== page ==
Legislation designed to strengthen federal safety regulation of trucks and buses won the strong support this week of the administration and the Teamsters Union.

In two days of hearings before the Senate Commerce Committee, both John Hassell, deputy administrator of the Federal Highway Administration, and R. V. Durham, director of safety and health for the International Brotherhood of Teamsters, said that federal action was necessary to stem the accelerating accident rates involving commercial motor carriers.

"There is strong reason to believe that this increase in accidents results from widespread noncompliance with safety requirements," Hassell said. He noted that in May, federal and state officials stopped 1,731 trucks at random in five Mississippi Valley states for safety inspections and found 753 of them - 44 percent - unfit and placed them out of service.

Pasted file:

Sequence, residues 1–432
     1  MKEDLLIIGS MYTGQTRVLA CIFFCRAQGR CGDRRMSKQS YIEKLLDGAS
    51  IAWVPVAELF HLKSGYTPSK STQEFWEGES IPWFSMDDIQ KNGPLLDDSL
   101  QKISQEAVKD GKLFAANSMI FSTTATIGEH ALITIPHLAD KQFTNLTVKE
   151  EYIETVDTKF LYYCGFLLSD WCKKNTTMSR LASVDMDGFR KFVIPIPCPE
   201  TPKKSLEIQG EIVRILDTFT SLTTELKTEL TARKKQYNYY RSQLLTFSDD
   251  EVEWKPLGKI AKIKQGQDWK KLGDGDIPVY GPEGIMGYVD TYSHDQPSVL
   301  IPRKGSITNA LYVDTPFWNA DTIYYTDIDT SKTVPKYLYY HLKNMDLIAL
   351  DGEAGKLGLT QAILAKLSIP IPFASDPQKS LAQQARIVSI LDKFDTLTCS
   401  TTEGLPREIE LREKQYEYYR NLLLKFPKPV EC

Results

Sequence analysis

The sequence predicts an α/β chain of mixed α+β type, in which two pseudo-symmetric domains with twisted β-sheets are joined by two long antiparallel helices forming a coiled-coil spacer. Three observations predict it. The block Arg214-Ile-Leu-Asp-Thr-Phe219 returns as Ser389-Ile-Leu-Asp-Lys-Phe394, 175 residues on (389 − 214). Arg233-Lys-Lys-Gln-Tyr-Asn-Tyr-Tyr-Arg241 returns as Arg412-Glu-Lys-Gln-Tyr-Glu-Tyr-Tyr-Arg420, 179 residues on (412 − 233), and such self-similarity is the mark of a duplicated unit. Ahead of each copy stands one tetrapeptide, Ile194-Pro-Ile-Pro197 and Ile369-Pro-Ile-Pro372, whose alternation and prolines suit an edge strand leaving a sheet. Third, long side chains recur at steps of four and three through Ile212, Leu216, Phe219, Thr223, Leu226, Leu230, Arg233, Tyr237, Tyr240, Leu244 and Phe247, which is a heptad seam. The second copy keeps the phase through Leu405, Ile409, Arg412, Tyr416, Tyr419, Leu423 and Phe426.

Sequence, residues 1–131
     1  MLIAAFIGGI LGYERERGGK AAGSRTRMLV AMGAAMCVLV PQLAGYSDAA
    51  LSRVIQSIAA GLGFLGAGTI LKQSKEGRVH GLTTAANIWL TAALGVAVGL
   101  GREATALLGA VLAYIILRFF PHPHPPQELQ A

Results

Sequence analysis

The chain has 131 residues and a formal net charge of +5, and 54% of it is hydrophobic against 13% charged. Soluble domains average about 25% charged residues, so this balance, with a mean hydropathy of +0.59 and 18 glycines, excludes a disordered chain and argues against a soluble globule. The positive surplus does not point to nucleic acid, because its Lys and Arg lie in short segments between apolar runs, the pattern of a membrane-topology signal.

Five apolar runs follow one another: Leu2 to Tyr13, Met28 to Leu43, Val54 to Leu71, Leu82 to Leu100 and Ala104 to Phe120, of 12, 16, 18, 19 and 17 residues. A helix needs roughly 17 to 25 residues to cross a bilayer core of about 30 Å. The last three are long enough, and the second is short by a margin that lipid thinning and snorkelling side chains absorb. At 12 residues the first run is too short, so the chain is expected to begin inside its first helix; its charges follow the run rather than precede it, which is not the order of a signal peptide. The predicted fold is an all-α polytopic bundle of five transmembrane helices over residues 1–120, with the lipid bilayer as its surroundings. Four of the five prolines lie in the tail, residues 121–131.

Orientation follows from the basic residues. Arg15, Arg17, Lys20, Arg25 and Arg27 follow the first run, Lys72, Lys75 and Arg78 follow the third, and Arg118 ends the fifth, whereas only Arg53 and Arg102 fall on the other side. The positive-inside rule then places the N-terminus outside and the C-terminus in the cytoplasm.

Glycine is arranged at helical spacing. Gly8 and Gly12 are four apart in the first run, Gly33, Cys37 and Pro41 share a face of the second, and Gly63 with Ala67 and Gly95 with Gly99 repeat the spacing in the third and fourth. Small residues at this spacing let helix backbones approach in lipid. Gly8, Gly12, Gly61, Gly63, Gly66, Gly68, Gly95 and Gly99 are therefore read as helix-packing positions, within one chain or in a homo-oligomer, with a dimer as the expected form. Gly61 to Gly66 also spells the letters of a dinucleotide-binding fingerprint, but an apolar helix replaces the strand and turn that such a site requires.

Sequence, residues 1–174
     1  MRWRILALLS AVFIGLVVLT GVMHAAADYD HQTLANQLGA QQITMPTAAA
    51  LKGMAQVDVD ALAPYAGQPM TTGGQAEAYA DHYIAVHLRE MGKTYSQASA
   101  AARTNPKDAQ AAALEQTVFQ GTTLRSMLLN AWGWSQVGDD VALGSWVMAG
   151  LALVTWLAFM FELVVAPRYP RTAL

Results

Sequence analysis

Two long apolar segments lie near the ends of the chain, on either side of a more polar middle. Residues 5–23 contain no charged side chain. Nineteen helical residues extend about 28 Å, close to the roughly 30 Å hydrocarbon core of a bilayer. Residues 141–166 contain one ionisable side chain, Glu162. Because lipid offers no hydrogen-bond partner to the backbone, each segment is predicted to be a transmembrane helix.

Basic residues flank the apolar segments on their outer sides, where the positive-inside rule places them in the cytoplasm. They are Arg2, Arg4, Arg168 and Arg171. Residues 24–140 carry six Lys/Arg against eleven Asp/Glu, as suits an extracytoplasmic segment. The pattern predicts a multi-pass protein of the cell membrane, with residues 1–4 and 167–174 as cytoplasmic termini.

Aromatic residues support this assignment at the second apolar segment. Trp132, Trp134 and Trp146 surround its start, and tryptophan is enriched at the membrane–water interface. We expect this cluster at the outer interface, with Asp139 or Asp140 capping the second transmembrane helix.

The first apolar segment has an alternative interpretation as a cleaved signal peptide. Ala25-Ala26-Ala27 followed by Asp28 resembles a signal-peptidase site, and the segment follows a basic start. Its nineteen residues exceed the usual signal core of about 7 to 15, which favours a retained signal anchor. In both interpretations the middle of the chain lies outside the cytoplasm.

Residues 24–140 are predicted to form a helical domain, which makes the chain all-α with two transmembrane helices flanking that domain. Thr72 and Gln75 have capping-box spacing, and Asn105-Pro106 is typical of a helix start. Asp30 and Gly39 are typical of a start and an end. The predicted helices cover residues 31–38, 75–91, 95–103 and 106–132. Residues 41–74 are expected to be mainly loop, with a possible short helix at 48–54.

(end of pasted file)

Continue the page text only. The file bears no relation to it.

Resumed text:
"We do not place vehicles out of service because of minor violations," he emphasized. "We are talking here about unsafe brakes and other significant safety hazards." The May inspection was not unrepresentative, he added.

The teamsters' Durham agreed, calling the state of trucking safety "a disaster."

"In some areas of the industry, there are differing degrees of compliance with existing safety regulations, but overall the system is in need of change," he said.

There was one serious disagreement between them Durham sought to link truck safety regulation to the economic regulation also undergoing congressional scrutiny, arguing that safety regulation wouldn't be effective without continuing the extensive economic regulatory scheme.

Hassell called it a "false" issue saying there were no studies proving a causal link and that DOT data suggested the safety performance of federally regulated and unregulated carriers was comparable. "Safety laws are what we need to assure safe motor vehicle operation," he said.